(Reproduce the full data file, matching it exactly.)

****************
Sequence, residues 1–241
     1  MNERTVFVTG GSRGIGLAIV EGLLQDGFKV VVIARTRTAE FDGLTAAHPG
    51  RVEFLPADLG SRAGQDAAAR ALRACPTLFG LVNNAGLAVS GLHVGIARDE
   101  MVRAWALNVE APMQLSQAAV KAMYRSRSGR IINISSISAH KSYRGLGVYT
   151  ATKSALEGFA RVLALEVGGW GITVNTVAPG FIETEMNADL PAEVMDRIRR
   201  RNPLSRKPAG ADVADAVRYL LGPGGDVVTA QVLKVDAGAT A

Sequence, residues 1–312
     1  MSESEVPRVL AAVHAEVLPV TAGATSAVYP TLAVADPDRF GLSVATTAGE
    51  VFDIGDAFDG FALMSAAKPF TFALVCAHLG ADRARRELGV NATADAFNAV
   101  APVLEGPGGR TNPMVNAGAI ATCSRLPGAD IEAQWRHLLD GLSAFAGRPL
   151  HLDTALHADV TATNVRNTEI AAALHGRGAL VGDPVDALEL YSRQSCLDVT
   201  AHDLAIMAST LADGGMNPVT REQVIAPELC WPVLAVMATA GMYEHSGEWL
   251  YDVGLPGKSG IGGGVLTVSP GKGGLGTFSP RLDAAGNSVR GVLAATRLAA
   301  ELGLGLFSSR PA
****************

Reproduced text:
Sequence, residues 1–241
     1  MNERTVFVTG GSRGIGLAIV EGLLQDGFKV VVIARTRTAE FDGLTAAHPG
    51  RVEFLPADLG SRAGQDAAAR ALRACPTLFG LVNNAGLAVS GLHVGIARDE
   101  MVRAWALNVE APMQLSQAAV KAMYRSRSGR IINISSISAH KSYRGLGVYT
   151  ATKSALEGFA RVLALEVGGW GITVNTVAPG FIETEMNADL PAEVMDRIRR
   201  RNPLSRKPAG ADVADAVRYL LGPGGDVVTA QVLKVDAGAT A

Sequence, residues 1–312
     1  MSESEVPRVL AAVHAEVLPV TAGATSAVYP TLAVADPDRF GLSVATTAGE
    51  VFDIGDAFDG FALMSAAKPF TFALVCAHLG ADRARRELGV NATADAFNAV
   101  APVLEGPGGR TNPMVNAGAI ATCSRLPGAD IEAQWRHLLD GLSAFAGRPL
   151  HLDTALHADV TATNVRNTEI AAALHGRGAL VGDPVDALEL YSRQSCLDVT
   201  AHDLAIMAST LADGGMNPVT REQVIAPELC WPVLAVMATA GMYEHSGEWL
   251  YDVGLPGKSG IGGGVLTVSP GKGGLGTFSP RLDAAGNSVR GVLAATRLAA
   301  ELGLGLFSSR PA